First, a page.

He has already been on the Hill today. He plans to continue to work on the Hill later today. We have a very close working relationship with Foreign Minister Peres of Israel. Obviously, we see him very frequently. We saw him recently in Israel, and the Foreign Minister, I believe -- or they were contacting him or he has already agreed to reschedule his meeting with the Secretary for some time tomorrow, I understand. They haven't set the exact time yet, but I know that the Secretary was looking forward to seeing his good friend and his colleague, Foreign Minister Peres.

Q Will you open that up for a photo opportunity when he does meet him?

MR. McCURRY: When he does meet him?

Q Yes.

MR. McCURRY: We'll check and see on the timing. They might be planning to have dinner, but I'll just have to check and see what the schedule is for tomorrow. It has been shifted to tomorrow.

Q (Inaudible) being on the Hill this afternoon?

MR. McCURRY: I don't have the full list. I know he told you earlier that he had seen a group that was put together by Congresswoman Pelosi and by Senator Baucus. I believe he planned to see Majority Leader Gephardt at some point. That may be scheduled for this afternoon, but I think there are others that he will either be seeing or talking to.

In fact, in working with the Secretary today, he actually interrupted him several times to take some calls from members of Congress. So I know that he's been very actively pursuing the issue of Most Favored Nation Status for China and measuring the sentiment on the Hill that exists and telling the Hill a little bit about the decision-making that we are nearing within the United States Government.

Betsy.

Q Has the U.N. group that was down looking and monitoring along the border between Haiti and the Dominican Republic, have they filed a report yet?

MR. McCURRY: Not to my knowledge. This is the 3-person experts group that has been in the Dominican Republic looking at sanctions enforcement issues. They, to my knowledge, have not filed a report with the United Nations yet, but we will be awaiting that report and looking forward to seeing what recommendations they might have for practical steps that could be taken to make the enforcement of the embargo against Haiti more effective.

Q Mike, who (inaudible) -- to China for just a second.

MR. McCURRY: Yes. Think of a good question.

Q No, no, I had a question.

Q Haiti? Let me ask about Korea.

(Multiple questions)

MR. McCURRY: China, on hold. Korea. Alan, when are you leaving? (Laughter)

Q Any time now. I have a special question.

MR. McCURRY: I mean that genuinely. We will miss you.

Q I know you do, Mike. I'm going to make my accent even more snotty and British.

MR. McCURRY: I'm shocked.

Q Did Agriculture Secretary Mike Espy clear with the Secretary or with the White House his comments yesterday in which he called for MFN to be maintained?

MR. McCURRY: I'm not aware that he cleared them with the Secretary. As to whether he had discussions with the White House about those remarks, I think you'd have to check at the White House.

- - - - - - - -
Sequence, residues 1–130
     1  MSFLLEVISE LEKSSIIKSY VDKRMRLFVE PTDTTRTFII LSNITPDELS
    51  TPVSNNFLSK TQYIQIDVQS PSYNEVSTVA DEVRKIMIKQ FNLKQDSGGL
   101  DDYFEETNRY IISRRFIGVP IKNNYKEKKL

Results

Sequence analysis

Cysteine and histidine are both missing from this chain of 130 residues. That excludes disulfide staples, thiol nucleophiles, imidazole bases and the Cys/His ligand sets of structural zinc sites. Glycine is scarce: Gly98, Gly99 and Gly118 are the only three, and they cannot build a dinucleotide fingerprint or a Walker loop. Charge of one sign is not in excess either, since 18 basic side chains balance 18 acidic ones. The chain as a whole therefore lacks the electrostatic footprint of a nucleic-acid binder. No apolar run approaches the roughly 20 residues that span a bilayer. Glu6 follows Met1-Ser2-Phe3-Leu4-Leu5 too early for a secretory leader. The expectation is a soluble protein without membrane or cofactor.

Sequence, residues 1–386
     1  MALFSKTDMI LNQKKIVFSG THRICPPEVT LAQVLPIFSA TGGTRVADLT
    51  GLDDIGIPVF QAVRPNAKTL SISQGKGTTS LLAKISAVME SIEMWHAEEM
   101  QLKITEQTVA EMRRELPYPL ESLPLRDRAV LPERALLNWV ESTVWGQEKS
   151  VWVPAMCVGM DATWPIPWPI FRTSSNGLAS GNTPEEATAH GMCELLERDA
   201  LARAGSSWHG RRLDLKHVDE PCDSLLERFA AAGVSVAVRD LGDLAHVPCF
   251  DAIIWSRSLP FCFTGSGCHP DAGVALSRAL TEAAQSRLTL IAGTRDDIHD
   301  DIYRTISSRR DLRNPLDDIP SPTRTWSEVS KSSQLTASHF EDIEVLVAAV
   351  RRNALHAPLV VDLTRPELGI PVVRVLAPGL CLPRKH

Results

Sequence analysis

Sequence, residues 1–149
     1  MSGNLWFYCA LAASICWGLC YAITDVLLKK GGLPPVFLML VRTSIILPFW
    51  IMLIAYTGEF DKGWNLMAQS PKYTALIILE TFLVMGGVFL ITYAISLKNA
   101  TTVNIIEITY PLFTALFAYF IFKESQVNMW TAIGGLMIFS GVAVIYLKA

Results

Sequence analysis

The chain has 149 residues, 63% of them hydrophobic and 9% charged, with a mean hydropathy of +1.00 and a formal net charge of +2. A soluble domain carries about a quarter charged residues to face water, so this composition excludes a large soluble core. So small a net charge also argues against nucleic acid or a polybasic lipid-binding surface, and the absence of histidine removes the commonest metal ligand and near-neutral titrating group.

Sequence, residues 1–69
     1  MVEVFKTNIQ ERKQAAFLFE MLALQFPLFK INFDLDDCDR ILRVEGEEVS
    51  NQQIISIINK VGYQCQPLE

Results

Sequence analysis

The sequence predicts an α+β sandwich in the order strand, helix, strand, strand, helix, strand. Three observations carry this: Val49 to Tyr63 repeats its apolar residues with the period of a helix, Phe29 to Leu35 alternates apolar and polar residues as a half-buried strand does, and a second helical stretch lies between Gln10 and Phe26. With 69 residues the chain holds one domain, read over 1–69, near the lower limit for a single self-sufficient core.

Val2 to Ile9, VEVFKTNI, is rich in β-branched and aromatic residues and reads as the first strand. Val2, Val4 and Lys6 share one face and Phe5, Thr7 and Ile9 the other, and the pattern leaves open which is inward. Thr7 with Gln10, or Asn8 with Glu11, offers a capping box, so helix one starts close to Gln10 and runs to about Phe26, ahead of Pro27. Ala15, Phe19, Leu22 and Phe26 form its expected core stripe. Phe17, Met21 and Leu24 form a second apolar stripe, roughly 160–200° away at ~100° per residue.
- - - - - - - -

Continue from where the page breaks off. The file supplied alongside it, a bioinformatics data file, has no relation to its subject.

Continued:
I understand that they told people yesterday that they were not cleared as far as they knew, but I think he was reflecting the sentiment that certainly exists within elements of the U.S. agricultural community.

Q Mike, on Korea, can I just ask about Gallucci meeting --

Q A very quick follow-up, and then I'll be quiet.

MR. McCURRY: Don't be quiet. You can ask more questions.

Q What's your opinion of this situation where you're nearing a very sensitive, a very important decision? There's quiet discussions and consultations going on and then you have a member of the Cabinet who comes out and adds to the public debate before the Administration can reach a decision and announce it.

MR. McCURRY: The Secretary had a very good meeting with a lot of members of the Cabinet. I don't believe that Secretary Espy was there yesterday, but he's had a good opportunity to work this issue with the President and others. I think he understands that there are a wide variety of sentiments within the Government, a wide variety of sentiments within the community as it interacts with the U.S. Government. I don't think he took any particular offense at Secretary Espy's remarks.

Q Mike, isn't it a sensitive -- a last minute thing right now? Isn't it time for the Cabinet to be closing ranks around the issue and not spouting off, as they see fit for their own constituents?

MR. McCURRY: No.

Q (Inaudible)

MR. McCURRY: Good. Thank you for that correction. I've got to keep my mind on one thing at a time here.

Q Closing ranks; not spouting off.

MR. McCURRY: I think that the Cabinet is very -- based on the discussions held at the White House yesterday, I think the Cabinet is very much together on this decision-making. I think they understand very clearly the Secretary's thinking. The Secretary of State is the one that's charged under the Executive Order with making this recommendation to the President.

I think other members of the Cabinet who were present yesterday now are very familiar with the Secretary's thinking. I think there will be a very united position by this Administration as we move to a decision by the President.

Q (Inaudible) does he get on the phone and hear their plaintive pleas for putting business ahead of human rights?